July 24, 2012 -- More than one-third of births in the U.S. are the result of an unplanned pregnancy, according to a CDC study.
Despite a decrease in unplanned pregnancies among white women, researchers say the number of unintended births has remained steady at about 37% of all births since 1982.
"The growing proportion of births to unmarried women, most of which were unintended, has kept the overall proportion of unintended births approximately constant," write researcher William Mosher, PhD, of the National Center for Health Statistics at the CDC, and colleagues.
The study is published in the National Health Statistics Reports. It shows that unmarried women accounted for 41% of all births in 2009, up from 18% in 1980.
Researchers say major differences also persist in the number of unplanned pregnancies according to:
"Unintended births occur disproportionately among non-Hispanic black women, unmarried women, and women with less income and education," they write. "For example, the proportion of all births that were unwanted or mistimed by two years or more was 7% for college graduates compared with 35% for women who did not complete high school."
The study shows that never-married women and Hispanic women now account for a growing number of births.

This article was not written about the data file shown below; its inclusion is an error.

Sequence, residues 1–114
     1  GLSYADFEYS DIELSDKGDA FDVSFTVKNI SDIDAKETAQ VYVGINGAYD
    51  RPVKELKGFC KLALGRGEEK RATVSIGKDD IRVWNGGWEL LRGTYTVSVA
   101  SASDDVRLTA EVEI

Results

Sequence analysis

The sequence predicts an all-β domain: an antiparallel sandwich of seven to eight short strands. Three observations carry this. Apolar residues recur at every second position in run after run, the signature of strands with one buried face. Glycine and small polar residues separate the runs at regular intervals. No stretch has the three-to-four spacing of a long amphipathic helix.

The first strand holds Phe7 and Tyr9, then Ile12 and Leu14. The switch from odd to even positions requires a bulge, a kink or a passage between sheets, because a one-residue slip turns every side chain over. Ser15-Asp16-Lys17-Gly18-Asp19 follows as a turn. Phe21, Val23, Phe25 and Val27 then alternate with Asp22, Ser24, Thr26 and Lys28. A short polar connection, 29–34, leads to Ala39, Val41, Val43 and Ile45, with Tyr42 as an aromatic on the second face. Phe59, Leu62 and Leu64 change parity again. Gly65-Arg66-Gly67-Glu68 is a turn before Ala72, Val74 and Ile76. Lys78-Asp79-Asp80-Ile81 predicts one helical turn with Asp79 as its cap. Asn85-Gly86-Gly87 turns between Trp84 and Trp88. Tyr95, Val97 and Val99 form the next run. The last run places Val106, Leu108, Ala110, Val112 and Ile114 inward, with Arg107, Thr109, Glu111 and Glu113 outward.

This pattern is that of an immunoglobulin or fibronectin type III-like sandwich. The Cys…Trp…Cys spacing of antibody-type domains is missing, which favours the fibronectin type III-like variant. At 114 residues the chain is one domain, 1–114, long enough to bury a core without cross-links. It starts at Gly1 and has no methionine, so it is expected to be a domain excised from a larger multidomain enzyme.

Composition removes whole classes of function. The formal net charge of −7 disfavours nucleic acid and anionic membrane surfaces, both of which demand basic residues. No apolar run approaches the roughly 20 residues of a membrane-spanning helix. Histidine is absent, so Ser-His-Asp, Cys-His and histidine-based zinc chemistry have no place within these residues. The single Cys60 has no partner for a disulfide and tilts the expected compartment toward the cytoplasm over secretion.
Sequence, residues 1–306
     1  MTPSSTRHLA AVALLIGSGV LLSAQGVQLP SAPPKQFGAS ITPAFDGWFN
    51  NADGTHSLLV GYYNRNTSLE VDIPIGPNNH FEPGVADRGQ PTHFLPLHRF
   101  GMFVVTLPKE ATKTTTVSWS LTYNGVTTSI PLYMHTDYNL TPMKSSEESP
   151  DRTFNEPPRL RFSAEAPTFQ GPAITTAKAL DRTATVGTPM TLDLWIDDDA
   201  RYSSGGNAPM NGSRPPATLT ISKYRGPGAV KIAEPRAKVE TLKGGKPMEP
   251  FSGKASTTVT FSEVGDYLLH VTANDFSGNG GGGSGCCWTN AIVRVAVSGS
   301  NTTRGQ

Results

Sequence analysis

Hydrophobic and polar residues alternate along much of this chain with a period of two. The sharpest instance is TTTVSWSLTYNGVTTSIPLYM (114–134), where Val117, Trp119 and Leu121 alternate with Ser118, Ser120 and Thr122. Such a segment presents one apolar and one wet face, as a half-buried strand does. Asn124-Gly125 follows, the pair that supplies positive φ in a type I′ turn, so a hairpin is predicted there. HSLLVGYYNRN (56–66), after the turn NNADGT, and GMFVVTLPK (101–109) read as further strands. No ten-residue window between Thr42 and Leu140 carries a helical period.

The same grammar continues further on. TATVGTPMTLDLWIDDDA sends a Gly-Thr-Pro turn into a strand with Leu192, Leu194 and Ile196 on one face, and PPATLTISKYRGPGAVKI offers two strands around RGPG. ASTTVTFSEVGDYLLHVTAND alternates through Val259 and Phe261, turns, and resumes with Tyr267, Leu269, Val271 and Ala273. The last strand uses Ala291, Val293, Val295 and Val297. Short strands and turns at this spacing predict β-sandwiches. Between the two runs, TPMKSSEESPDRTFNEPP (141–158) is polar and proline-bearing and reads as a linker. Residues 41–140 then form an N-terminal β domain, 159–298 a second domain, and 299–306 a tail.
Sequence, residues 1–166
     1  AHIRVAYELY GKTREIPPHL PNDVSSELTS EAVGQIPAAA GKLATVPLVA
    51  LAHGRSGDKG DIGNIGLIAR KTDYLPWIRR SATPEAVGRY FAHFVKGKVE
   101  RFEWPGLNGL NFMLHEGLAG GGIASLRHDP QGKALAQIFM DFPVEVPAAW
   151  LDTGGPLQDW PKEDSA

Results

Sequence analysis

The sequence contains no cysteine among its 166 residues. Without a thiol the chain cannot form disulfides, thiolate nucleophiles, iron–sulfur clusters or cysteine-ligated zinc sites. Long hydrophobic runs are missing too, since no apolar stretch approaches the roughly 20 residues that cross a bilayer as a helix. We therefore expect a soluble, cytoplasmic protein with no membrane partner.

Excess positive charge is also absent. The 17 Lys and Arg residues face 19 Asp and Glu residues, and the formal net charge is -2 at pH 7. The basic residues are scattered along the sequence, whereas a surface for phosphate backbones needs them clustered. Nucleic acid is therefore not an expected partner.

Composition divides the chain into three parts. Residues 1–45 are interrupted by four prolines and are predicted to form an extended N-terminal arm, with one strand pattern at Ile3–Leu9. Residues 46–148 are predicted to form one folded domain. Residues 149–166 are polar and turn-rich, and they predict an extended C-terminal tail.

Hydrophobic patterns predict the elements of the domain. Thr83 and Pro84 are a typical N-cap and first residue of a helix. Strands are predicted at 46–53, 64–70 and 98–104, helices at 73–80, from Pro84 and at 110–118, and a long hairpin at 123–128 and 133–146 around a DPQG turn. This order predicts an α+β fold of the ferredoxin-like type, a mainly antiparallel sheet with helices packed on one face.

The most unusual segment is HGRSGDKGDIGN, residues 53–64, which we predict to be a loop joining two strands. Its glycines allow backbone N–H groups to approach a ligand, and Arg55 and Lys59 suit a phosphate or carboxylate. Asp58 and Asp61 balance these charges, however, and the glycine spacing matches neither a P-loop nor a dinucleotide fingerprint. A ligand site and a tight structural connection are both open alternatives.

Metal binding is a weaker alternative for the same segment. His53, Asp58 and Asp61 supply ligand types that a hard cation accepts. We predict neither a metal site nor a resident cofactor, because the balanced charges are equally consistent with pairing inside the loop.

Researchers say the percentage of births that were intended among white women who had ever been married has increased during recent years. But these women now represent a much smaller share of overall births. In 1981, they accounted for 66% of all births. But in 2006-2010, this number decreased to 43%.
The study also showed that 60% of women who experienced an unplanned pregnancy in 1998-2002 were not using contraception.
More than a third of those who did not use contraception (36%) said they did not think they could get pregnant.
"Underestimating the risk of pregnancy is the most common reason for not using contraception that leads to unintended pregnancy," the researchers write. "There was no significant variation in the percentage of women who gave this reason by age, marital status, or income. However, Hispanic women were more likely than others to say they did not think they could get pregnant (49%, compared with 35% of white women and 25% of black women)."